The placement and circumscription of B. ser. Banksia in Thiele and Ladiges' arrangement may be summarised as follows:[4]

Banksia
B. subg. Isostylis (3 species)
B. elegans (incertae sedis)
B. subg. Banksia
B. ser. Tetragonae (4 species)
B. ser. Lindleyanae (1 species)
B. ser. Banksia
B. subser. Banksia
B. ornata
B. serrata
B. aemula
B. subser. Cratistylis
B. candolleana
B. sceptrum
B. baxteri
B. speciosa
B. menziesii
B. burdettii
B. victoriae
B. hookeriana
B. prionotes
B. baueri (incertae sedis)
B. lullfitzii (incertae sedis)
B. attenuata (incertae sedis)
B. ashbyi (incertae sedis)
B. coccinea (incertae sedis)
B. ser. Prostratae (8 species)
B. ser. Cyrtostylis (4 species)
B. ser. Ochraceae (4 species)
B. ser. Grandes (2 species)
B. ser. Salicinae (2 subseries, 11 species, 4 subspecies)
B. ser. Spicigerae (3 subseries, 7 species, 6 varieties)
B. ser. Quercinae (2 species)
B. ser. Dryandroides (1 species)
B. ser. Abietinae (4 subspecies, 14 species, 8 subspecies)

According to George 1999[edit]

Thiele and Ladiges' arrangement remained current only until 1999, when George's treatment of the genus for the Flora of Australia series of monographs was published. This was essentially a revision of George's 1981 arrangement, which took into account some of Thiele and Ladiges' data, but rejected their overall arrangement. With respect to B. ser. Banksia, George's 1999 arrangement was identical to his 1981 arrangement, except that B. baxteri (Baxter's Banksia) and B. menziesii (Menzies Banksia) were exchanged in phyletic order.[3]

Recent developments[edit]

Since 1998, Austin Mast has been publishing results of ongoing cladistic analyses of DNA sequence data for the subtribe Banksiinae. His analyses suggest a phylogeny that is rather different from previous taxonomic arrangements. All previous circumscriptions of B. ser. Banksia appear to be polyphyletic. Bentham's circumscripion is widely polyphyletic, and both George's and Thiele and Ladiges' circumscription bring together species that occur in three widely separate clades in Mast's cladogram. Thiele's B. subser. Banksia is monophyletic but is most closely related to B. ser. Ochraceae and B. ser. Prostratae; B. baxteri (Baxter's Banksia) and B. speciosa (Showy Banksia) form a clade alongside B. coccinea (Scarlet Banksia); and the remaining species in Thiele and Ladiges' circumscription form a third clade with B. ashbyi (Ashby's Banksia) and B. lindleyana (Porcupine Banksia).[5][6][7]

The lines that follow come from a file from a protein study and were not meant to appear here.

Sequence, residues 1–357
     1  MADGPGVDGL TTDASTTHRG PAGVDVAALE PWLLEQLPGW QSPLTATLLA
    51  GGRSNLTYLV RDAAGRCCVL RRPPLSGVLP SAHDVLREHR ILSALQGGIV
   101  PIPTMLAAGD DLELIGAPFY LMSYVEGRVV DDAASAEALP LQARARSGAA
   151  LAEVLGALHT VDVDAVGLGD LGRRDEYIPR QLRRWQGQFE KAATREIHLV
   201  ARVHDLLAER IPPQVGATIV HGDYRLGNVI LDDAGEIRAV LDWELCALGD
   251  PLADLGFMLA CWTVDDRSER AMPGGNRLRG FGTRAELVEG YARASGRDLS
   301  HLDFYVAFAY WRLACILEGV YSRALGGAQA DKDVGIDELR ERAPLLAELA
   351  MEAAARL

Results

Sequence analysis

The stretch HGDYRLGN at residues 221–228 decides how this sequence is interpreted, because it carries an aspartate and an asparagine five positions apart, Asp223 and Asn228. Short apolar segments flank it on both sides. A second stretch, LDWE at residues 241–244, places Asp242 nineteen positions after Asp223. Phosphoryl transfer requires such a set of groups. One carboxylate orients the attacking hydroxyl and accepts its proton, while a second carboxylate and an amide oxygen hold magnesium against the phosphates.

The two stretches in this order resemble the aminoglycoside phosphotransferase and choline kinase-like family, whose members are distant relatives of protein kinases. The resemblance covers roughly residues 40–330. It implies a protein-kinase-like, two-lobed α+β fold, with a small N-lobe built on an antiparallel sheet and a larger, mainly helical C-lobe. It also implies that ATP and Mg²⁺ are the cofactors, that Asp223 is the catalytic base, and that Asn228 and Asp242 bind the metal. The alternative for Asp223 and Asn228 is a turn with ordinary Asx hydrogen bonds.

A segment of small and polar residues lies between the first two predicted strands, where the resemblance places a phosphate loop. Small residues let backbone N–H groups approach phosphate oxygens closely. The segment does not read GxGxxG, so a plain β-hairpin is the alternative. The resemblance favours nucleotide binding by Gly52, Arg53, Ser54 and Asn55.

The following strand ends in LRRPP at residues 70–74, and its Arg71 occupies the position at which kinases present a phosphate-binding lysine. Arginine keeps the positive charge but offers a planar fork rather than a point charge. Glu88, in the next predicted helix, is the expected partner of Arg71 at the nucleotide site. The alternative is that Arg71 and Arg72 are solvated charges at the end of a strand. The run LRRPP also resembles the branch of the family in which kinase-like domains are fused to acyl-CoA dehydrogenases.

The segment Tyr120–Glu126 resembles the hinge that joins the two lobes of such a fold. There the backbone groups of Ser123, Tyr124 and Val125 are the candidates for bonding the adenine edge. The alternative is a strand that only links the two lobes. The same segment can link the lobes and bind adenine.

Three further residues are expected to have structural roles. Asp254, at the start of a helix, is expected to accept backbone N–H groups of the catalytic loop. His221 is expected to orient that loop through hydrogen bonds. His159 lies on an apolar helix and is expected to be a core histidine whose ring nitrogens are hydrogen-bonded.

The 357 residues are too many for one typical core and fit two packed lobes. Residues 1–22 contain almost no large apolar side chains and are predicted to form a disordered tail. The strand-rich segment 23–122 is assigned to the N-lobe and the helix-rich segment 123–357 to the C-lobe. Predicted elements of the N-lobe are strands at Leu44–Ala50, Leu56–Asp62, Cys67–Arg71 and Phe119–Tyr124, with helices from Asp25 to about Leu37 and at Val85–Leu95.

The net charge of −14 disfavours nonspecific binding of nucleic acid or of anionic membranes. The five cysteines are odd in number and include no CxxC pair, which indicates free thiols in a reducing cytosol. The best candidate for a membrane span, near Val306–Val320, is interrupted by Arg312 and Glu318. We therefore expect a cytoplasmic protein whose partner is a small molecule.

Early in 2007 Mast and Thiele initiated a rearrangement of Banksia by transferring Dryandra into it, and publishing B. subg. Spathulatae for the species having spoon-shaped cotyledons; in this way they also redefined the autonym B. subg. Banksia. All members of B. ser. Banksia fall within Mast and Thiele's B. subg. Banksia, but no more detail has been published. Mast and Thiele have foreshadowed publishing a full arrangement once DNA sampling of Dryandra is complete.[8]

References[edit]

  1. ^ Bentham, George (1870). "CIV. Proteaceae: 29. Banksia". Flora Australiensis. V: Myoporineae to Proteaceae. London: L. Reeve & Co. pp. 541–562. 
  2. ^ a b George, Alex S. (1981). "The Genus Banksia L.f. (Proteaceae)". Nuytsia 3 (3): 239–473. 
  3. ^ a b George, Alex S. (1999). "Banksia". In Wilson, Annette (ed.). Flora of Australia. Volume. 17B: Proteaceae 3: Hakea to Dryandra. Collingwood, Victoria: CSIRO Publishing / Australian Biological Resources Study. pp. 175–251. ISBN 0-643-06454-0. 
  4. ^ a b c Thiele, Kevin and Pauline Y. Ladiges (1996). "A Cladistic Analysis of Banksia (Proteaceae)". Australian Systematic Botany 9 (5): 661–733. doi:10.1071/SB9960661. 
  5. ^ Mast, Austin R. (1998). "Molecular systematics of subtribe Banksiinae (Banksia and Dryandra; Proteaceae) based on cpDNA and nrDNA sequence data: implications for taxonomy and biogeography". Australian Systematic Botany 11 (4): 321–342. doi:10.1071/SB97026. 
  6. ^ Mast, Austin R. and Thomas J. Givnish (2002). "Historical biogeography and the origin of stomatal distributions in Banksia and Dryandra (Proteaceae) based on Their cpDNA phylogeny". American Journal of Botany 89 (8): 1311–1323. doi:10.3732/ajb.89.8.1311. ISSN 0002-9122. PMID 21665734. Retrieved 2006-07-02. 
  7. ^ Mast, Austin R., Eric H. Jones and Shawn P. Havery (2005). "An assessment of old and new DNA sequence evidence for the paraphyly of Banksia with respect to Dryandra (Proteaceae)". Australian Systematic Botany (CSIRO Publishing / Australian Systematic Botany Society) 18 (1): 75–88. doi:10.1071/SB04015. 
  8. ^ Mast, Austin; Kevin Thiele (2007). "The transfer of Dryandra R.Br. to Banksia L.f. (Proteaceae)". Australian Systematic Botany 20 (1): 63–71. doi:10.1071/SB06016. 

External links[edit]